After the 90-minute speech, crowds began to exit the acreage and sprawl out onto the streets. Flags continued to wave, and people shouted things such as “Four more years!” or “Stop the steal!” A group of 30 people worked together to carry a large American flag on their shoulders. Supporters marched through the streets, past police officers, towards the Capitol.

My legs felt the toll of standing for nearly seven hours, and my family collectively decided to take a break at the hotel. Returning to our suite, we turned on the news to find reporters claiming there had been a break-in at the Capitol building. This news came to our surprise, and we believed that the media had gotten it wrong. We had just been there with the crowd. All of the people marching towards the Capitol hadn’t even reached the building yet. How was it possible that hundreds of people had stormed the Capitol?

We immediately left the room and headed toward the throngs of people. In the 20 minutes since we had been gone, chaos had emerged. Walking onto the scene, metal gates that served as barricades had been flipped over. A statue had been tarnished with MAGA scarves hanging from the bronze woman’s neck. Men stood along the platform of the statue while others watched.
Passing this, we carried on towards the front of the building. In preparation for the future inauguration of Joe Biden, stands for seating surrounded the steps. I carried on, feeling hesitant to see the damage. Another pile of metal gates had been turned over to form a ladder leading to the Capitol’s stairs. People were climbing up and down, many turning around after attempting to follow others. Rumors flew around me. “Did you hear about the woman getting shot?” a young man said behind me when I reached for one of the makeshift ladders. He caught me by surprise, so I turned and questioned him further. He explained that, while President Trump was speaking, many protestors had already reached the Capitol building to break in. As he explained this to me, groups came flooding from the inauguration steps. A woman jogged past me, yelling, “They have tear gas. Don’t go up there, little girl.” I watched a man wipe his eyes with milk. An elderly lady grabbed her infant next to her and picked her up. People scattered from the area. News reporters helped inform viewers outside of Washington D.C. A hundred different stimuli were going on around me.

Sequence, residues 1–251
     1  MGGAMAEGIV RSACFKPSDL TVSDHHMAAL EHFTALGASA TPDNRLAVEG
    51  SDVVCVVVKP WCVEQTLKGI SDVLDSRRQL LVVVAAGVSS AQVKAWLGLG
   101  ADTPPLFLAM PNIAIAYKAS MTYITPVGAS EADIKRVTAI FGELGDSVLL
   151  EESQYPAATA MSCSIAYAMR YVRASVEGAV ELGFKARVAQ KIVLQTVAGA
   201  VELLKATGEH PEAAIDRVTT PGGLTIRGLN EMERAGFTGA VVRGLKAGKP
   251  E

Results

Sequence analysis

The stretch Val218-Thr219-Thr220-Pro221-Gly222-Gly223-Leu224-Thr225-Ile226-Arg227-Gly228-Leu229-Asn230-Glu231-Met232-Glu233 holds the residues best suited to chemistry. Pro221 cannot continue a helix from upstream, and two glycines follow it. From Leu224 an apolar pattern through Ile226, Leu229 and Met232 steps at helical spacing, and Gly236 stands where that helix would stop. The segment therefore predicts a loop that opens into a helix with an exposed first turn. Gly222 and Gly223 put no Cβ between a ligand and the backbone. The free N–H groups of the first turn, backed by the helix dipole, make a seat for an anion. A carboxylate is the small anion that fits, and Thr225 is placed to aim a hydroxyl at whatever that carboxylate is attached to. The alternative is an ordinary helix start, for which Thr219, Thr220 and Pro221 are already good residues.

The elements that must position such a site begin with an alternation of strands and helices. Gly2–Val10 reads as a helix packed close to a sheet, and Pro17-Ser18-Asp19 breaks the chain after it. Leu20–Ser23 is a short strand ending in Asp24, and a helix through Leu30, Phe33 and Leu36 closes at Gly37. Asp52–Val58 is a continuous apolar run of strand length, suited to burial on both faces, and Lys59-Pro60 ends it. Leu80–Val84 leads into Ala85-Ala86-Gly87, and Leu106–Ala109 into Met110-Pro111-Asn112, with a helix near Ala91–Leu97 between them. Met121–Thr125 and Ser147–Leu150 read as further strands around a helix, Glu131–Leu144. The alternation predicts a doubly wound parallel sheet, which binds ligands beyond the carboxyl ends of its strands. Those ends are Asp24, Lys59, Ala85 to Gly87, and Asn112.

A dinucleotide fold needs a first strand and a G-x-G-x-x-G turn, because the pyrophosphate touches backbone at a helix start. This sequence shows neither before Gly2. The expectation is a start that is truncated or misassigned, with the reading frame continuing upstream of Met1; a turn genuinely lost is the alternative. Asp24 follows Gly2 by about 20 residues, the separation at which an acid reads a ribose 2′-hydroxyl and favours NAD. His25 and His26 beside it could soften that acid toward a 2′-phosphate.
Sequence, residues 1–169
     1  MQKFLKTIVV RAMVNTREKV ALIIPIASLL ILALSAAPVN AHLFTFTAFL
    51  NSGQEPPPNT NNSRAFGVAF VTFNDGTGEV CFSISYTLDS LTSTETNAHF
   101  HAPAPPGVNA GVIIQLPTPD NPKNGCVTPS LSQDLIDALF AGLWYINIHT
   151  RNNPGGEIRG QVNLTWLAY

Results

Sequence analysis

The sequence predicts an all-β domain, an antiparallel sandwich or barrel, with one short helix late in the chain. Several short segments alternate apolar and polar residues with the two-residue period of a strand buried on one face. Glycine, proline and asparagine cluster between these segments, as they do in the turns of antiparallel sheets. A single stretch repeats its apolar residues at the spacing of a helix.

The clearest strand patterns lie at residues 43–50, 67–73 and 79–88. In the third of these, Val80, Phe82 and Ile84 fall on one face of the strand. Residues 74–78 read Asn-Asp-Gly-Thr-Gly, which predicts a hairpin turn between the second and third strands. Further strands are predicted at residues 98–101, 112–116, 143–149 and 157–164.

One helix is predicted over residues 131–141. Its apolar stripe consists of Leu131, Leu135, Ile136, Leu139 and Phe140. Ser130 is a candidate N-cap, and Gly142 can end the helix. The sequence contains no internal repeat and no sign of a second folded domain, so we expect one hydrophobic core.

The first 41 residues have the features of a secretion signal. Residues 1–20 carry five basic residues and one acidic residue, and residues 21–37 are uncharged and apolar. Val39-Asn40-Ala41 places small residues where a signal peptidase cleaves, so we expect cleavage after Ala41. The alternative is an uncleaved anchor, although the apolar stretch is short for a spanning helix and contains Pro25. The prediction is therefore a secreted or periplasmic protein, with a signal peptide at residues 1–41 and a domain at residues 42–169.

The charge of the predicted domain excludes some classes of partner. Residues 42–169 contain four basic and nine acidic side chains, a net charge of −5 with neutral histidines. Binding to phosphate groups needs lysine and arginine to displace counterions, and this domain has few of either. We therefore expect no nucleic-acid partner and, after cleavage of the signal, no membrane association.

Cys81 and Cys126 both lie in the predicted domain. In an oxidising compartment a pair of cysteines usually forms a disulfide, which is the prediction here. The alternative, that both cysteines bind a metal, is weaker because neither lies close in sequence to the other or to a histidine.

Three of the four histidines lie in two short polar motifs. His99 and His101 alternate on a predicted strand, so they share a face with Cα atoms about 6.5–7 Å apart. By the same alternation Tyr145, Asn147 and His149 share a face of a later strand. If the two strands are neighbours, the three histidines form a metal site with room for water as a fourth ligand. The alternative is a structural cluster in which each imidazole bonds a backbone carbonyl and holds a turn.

I received a notification on my phone that a mandatory curfew of 6 p.m. had been set for anyone in Washington, D.C. It was around 4 p.m. when my mother told me it was time to leave. I watched people in the crowds hang onto each other’s shoulders, singing songs similar to the ones on the plane. People chanted and cheered. Despite the disarray in the air, many had come together as one. Everyone was there for something that they believed in. Police officers threw cans of tear gas at protestors in front of me. I watched as grown men hugged one another and agreed that “things will be okay.”
About two minutes later, after exiting the scene, I heard a loud booming noise. I later found out that some protestors who had pushed back a police officer were gassed in large volumes.


Coming back to Idaho felt different. Despite any of my political views, the riot had proved to me many things. While the organization was an act of lawlessness, I did see how strongly these people felt about their country. Nationality ran strong in this protest, and despite the reasons, they all did share a common value. I got to meet younger and older families who shared their stories and their perspectives. Just the same as any school field trip, I learned a lot about our communities, and I got to see a side of news I had never witnessed before.

To say that the media is corrupt or full of lies is incorrect. The media will never fully be able to portray the exact feelings behind certain events, political or not. Sometimes you just have to see these things for yourself.

As teenagers, we have to differentiate our own opinions from others. I used this experience to increase my political maturity, and personally, it proved to work. It didn’t change any of my own views, but I was able to witness something that many others weren’t able to see. I urge others to seek out their own information when possible and to educate themselves on matters they feel are important.